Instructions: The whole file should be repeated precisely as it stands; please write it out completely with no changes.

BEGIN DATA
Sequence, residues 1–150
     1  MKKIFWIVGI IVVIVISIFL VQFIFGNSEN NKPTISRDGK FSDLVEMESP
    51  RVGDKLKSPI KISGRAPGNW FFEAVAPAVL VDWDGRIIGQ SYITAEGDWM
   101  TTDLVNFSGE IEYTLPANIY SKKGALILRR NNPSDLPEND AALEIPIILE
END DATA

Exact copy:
Sequence, residues 1–150
     1  MKKIFWIVGI IVVIVISIFL VQFIFGNSEN NKPTISRDGK FSDLVEMESP
    51  RVGDKLKSPI KISGRAPGNW FFEAVAPAVL VDWDGRIIGQ SYITAEGDWM
   101  TTDLVNFSGE IEYTLPANIY SKKGALILRR NNPSDLPEND AALEIPIILE